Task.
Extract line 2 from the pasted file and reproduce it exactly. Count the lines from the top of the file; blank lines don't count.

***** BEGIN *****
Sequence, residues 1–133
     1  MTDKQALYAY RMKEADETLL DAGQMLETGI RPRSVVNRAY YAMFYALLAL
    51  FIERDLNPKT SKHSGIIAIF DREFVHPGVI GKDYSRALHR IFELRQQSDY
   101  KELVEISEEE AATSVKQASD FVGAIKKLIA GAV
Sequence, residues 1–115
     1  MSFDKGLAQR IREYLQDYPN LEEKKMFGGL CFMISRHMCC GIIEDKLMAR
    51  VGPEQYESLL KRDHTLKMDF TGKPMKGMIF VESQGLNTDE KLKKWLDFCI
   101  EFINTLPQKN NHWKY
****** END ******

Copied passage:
     1  MTDKQALYAY RMKEADETLL DAGQMLETGI RPRSVVNRAY YAMFYALLAL